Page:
Finn and Lapine essay a comparable contrast between the two comforters, the lover and the mother. Roger Delli-Bovi (Matthew Hazen), lovable and supportive, is given less to do musically, often in duets with Gordon, like the affecting “Sailing” and “Just Go” along with “Time” toward the end. Gordon’s mother Mimi (Alliy Drago), who flirts with some Sophie Portnoy edginess, demands her own voice. That abrupt shift of tone allows her solos to stand out: “Throw It Out,” where she disposes of Gordon’s library, and even more, “Music Still Plays On,” where she appears in black and sees Gordon’s catastrophe as an episode in her story.
No summary of characterization or action, however, can get at how A New Brain feels different from most shows you’ve ever seen, why it is revived so infrequently and perhaps why it retains high esteem among musical theater aficionados. It’s beyond the irony favored by post-modernism all the way to paradox. Characters so often express something quite different from what we expect from them. Take the foul-tempered Mr. Bungee, beautifully outfitted as a frog by costume designer
Devon Ritchie, and supposed to look ridiculous and repellent. He’s no Kermit. Wonderfully played by Elliott O’Rourke Peterson, he keeps showing up in successive numbers telling Gordon he should embrace his childlike wonder, which harkens back to the frustration the composer felt in the opening scene. Only Gordon does accept this advice, making the composer a bit like everyone he meets.
Even though SU Drama is well-staffed with directing talent that has wowed us in the past, someone saw fit to import Wendy Knox to helm A New Brain. An experienced professional, Knox runs the Frank Theatre in Minneapolis, nationally known for breaking away from the conventional, like a musical extravaganza on the Finnish national epic, The Kalevala. A New Brain, a show with 35 musical numbers, is so mercurial and risky, the text constantly veers toward the bathetic or the incomprehensible. But we rub our eyes and see that she has charmed us instead.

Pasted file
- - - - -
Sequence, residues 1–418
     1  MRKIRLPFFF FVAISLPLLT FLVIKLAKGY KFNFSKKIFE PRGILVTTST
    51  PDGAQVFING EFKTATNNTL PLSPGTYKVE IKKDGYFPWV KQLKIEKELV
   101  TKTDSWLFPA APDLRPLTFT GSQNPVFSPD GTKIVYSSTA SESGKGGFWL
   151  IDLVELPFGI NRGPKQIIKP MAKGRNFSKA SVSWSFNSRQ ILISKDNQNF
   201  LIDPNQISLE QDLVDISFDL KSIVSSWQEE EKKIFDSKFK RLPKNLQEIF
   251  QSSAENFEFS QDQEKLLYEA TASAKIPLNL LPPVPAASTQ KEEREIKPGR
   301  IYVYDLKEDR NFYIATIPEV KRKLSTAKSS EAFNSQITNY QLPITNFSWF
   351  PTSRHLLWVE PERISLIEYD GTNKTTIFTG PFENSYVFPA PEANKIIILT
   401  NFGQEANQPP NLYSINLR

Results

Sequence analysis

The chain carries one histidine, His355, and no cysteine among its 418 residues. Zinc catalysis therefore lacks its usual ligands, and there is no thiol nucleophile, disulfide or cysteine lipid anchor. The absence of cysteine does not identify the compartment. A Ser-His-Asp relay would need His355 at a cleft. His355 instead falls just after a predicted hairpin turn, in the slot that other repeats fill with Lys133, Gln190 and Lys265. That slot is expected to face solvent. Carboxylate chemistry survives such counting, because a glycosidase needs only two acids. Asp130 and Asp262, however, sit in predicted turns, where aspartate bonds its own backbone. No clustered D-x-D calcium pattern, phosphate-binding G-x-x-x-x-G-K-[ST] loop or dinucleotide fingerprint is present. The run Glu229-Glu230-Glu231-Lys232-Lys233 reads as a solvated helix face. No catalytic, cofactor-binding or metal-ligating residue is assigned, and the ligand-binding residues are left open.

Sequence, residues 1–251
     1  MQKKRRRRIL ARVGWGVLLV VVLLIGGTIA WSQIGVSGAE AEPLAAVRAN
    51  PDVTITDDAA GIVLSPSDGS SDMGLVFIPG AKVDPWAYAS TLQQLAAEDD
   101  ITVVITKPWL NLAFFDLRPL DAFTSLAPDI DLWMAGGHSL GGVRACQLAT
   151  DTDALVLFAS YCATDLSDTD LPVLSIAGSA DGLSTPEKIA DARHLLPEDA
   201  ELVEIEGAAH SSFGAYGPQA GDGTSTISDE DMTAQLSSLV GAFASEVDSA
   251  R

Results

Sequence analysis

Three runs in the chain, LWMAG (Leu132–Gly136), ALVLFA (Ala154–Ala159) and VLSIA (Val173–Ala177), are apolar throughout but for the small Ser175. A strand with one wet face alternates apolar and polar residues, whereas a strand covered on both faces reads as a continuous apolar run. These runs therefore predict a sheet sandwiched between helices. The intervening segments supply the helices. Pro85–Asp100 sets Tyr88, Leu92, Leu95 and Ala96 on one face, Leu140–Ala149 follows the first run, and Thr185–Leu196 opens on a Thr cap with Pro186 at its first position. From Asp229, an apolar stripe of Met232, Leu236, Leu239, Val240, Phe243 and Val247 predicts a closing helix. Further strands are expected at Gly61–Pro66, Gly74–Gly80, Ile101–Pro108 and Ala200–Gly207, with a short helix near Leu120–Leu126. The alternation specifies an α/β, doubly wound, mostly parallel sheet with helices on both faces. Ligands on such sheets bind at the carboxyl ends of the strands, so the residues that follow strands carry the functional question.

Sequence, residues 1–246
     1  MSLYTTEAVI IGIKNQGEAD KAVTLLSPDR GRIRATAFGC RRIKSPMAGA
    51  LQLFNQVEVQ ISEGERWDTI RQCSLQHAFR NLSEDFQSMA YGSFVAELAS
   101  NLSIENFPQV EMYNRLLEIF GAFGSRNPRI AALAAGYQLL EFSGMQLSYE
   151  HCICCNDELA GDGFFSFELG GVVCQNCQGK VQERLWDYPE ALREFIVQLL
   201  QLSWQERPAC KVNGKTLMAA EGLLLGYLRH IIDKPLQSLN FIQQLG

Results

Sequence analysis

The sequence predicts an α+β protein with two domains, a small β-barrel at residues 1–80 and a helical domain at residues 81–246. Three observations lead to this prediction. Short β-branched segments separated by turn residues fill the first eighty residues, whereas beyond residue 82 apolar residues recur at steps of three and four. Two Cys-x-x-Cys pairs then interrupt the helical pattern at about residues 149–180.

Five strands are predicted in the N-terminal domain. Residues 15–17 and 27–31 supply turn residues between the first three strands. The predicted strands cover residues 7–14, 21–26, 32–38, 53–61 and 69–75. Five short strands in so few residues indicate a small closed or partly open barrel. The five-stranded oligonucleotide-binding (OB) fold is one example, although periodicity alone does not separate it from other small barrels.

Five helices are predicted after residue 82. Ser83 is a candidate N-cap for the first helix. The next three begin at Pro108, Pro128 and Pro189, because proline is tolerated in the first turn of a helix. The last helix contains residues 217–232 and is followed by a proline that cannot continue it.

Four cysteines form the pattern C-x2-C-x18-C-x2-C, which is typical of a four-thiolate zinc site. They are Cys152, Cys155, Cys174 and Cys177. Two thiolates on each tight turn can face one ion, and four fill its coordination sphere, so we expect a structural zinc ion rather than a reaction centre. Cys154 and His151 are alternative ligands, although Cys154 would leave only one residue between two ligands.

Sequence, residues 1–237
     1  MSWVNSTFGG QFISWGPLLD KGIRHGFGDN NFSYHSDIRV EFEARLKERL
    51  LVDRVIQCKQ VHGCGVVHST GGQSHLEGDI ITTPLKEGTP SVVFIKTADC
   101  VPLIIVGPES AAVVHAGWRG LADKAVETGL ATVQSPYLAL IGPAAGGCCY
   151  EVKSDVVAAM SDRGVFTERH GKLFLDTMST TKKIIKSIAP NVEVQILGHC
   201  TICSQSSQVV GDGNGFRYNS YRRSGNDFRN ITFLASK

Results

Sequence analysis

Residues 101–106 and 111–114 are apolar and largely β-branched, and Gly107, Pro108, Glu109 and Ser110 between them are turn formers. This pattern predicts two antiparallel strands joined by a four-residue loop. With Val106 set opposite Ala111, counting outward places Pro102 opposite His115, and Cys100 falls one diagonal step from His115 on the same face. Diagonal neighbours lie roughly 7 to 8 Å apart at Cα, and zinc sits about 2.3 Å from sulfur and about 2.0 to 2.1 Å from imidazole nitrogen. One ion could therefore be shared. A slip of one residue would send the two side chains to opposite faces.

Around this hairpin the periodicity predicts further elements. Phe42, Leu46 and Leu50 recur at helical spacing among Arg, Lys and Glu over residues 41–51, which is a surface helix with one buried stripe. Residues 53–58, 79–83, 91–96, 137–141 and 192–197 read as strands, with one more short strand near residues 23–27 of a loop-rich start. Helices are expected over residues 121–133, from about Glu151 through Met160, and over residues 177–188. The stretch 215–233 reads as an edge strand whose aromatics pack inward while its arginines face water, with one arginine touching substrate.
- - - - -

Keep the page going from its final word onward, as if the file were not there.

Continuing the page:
Massively assisting Knox’s efforts is a choreographer from the drama department, Andrea Leigh-Smith. We have never seen dance so smoothly integrated into dramatic action, setups that vanish and immediately return us to dialogue.
The heavy lifting, of course, must be delivered by Marcelo Pereira as Gordon, who’s in more than two-thirds of the numbers. He brings the flexibility and range for a long emotional journey but might be a smidge more agreeable than the character as written or what Finn was in life.
Key to the success of this show are Devon Ritchie’s witty costumes, not just for Mr. Bungee, as well as Brian Cimmet’s confident musical navigation of Finn’s tricky harmonies and Danielle Hodgins’ incomparable, mobile set. This brings a never-seen-before innovation called “thought bubbles,” something like a cartoonist’s dialogue balloons. They change color to suit moods, carry projected images of characters on stage, and also help your reviewer to spell “arteriovenous.”
This production runs through Saturday, May 14. See Times Table for information.
Risky business: Cast members of Syracuse University Drama Department’s A New Brain.